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Poll: Would you feel safe sharing you ssh pub key?
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Would you feel safe sharing you ssh pub key?

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Results will be available after the polls close.

The nominees are:

Yes, I would share it with the world.
Sort of. I would share it on an intranet, but not the internet.
Yes, I already share one with the world.
I already share one on an intranet. (can be combined with option 1.)
No. Wether it's is presumed safe or not, the answer is no.

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Old 05-24-2007, 01:15 PM   #1
RichardBronosky
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Registered: Feb 2007
Location: Atlanta, GA, USA
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Is it safe to publish ssh public keys?


For my company, I would like to add a page to our internal wiki that everyone could append their ssh pub keys to. The idea is when developer D needs access to one of admin A's machines he asks to have a user created. When A does this, he usually responds with, "Done. Your password is 'password' please change it." I would like to have A create the user and paste the ssh pubkey from the wiki into ~D/.ssh/authorized_keys2 so that password doesn't even come into play.

So, with that said:
  • Is it safe to share your public ssh keys?
  • Sure, putting this on an internal wiki provides a certain level of security. But how safe is it?
  • If I were to paste my pub key right here on LQ dot org, how could that be used against me?

This question is probably for the l33t-est of crypto buffs, but I'd also like to hear of any cases that anybody has about doing this. I want to know just how public, public keys have been (or can be) made.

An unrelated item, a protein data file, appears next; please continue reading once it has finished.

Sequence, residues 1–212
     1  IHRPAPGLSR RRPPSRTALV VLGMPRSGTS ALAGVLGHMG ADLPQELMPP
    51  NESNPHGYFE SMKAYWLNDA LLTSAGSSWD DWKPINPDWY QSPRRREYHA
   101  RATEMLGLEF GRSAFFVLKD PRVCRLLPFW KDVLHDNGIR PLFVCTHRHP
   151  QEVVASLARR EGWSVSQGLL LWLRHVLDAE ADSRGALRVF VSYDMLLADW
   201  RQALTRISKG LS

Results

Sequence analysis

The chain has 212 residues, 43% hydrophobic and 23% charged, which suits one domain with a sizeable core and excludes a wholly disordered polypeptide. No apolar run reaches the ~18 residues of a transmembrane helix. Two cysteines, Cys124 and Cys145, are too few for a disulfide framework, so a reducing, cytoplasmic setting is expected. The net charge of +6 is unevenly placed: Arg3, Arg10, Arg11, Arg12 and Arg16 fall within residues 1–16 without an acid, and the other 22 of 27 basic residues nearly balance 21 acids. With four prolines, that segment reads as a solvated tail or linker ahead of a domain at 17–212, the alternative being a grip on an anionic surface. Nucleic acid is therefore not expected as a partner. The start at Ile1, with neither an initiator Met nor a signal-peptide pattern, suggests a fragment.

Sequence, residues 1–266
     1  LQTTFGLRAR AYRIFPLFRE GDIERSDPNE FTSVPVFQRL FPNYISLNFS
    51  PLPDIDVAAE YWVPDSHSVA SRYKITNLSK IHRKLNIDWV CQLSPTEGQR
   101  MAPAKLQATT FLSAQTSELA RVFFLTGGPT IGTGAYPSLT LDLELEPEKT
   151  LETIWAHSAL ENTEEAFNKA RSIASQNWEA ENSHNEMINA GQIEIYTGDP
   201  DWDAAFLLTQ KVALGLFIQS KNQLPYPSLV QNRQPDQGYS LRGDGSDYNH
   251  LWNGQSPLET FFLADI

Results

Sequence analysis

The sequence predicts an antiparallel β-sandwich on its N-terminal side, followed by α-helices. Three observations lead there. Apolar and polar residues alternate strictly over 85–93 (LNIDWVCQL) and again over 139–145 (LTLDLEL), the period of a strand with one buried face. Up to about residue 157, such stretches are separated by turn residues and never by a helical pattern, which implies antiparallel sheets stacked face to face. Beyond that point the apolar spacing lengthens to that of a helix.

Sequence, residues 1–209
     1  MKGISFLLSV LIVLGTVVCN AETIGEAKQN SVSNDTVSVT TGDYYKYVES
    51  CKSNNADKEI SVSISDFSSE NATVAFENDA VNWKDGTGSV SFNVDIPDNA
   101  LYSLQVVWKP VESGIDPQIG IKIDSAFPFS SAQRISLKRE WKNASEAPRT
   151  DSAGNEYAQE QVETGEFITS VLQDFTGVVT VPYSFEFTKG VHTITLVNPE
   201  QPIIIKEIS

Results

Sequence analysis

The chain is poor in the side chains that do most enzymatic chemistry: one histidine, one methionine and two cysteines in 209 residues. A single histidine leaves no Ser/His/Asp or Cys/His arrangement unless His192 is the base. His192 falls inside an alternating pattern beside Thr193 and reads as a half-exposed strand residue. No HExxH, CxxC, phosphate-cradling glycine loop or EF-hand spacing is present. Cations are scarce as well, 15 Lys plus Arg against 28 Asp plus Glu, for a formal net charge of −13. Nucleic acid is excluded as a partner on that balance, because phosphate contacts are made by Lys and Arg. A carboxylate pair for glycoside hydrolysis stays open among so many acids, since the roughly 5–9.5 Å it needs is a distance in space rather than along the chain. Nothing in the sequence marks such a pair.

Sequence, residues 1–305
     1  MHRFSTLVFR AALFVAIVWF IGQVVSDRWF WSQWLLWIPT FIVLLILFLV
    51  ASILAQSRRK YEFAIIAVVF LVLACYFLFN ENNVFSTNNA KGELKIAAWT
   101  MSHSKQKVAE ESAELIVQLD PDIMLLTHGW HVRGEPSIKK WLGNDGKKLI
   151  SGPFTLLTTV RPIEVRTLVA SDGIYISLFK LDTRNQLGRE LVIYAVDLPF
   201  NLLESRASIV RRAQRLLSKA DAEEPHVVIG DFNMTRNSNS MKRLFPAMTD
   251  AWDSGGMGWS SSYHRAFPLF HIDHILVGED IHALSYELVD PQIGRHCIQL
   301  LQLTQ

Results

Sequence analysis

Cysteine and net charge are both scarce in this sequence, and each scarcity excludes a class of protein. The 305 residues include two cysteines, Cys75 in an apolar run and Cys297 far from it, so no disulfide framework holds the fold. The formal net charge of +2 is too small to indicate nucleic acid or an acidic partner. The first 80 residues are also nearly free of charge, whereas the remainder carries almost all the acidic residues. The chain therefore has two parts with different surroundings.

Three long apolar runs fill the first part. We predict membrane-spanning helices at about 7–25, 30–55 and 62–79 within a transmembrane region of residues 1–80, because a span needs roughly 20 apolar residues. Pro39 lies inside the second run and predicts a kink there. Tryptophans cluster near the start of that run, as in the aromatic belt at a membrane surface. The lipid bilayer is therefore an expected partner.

Please discuss.
 
Old 05-24-2007, 01:32 PM   #2
anomie
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As per the manpages for sshd(8) the pubkey contents are not highly sensitive. So the short answer is that the setup you're describing is probably ok. The biggest danger I see with it (and this could be a serious problem depending on your situation) is a user mistakenly posting their private key.

P.S. No, I would not share my ssh rsa/dsa pubkey with the world. Unlike gpg public keys, there is no good reason to do so. (And I'm that paranoid.)

Last edited by anomie; 05-24-2007 at 01:33 PM.
 
Old 05-24-2007, 01:48 PM   #3
RichardBronosky
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Quote:
Originally Posted by anomie
As per the manpages for sshd(8) the pubkey contents are not highly sensitive. So the short answer is that the setup you're describing is probably ok. The biggest danger I see with it (and this could be a serious problem depending on your situation) is a user mistakenly posting their private key.

P.S. No, I would not share my ssh rsa/dsa pubkey with the world. Unlike gpg public keys, there is no good reason to do so. (And I'm that paranoid.)
Well, one other possibility is that someone finds your pub key and decides to social engineer you. They find out that you regularly ssh into example.com. They decide to register a few fat finger versions of that domain and point it to a honey pot, which you eventually hit. You don't notice the warning that forces you to type 'yes' to except the finger print of the new machine (Hello!?!?). And once you get logged in, the first thing you do use sudo, which prompts you for your password... This is so highly unlikely, that quite frankly, I don't think it's worth considering.
 
Old 05-24-2007, 01:53 PM   #4
anomie
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Definitely that's worth considering. I think this will come down to how secure your data / services need to be. If there is zero tolerance for this being a potential security hole, it may not be worth it.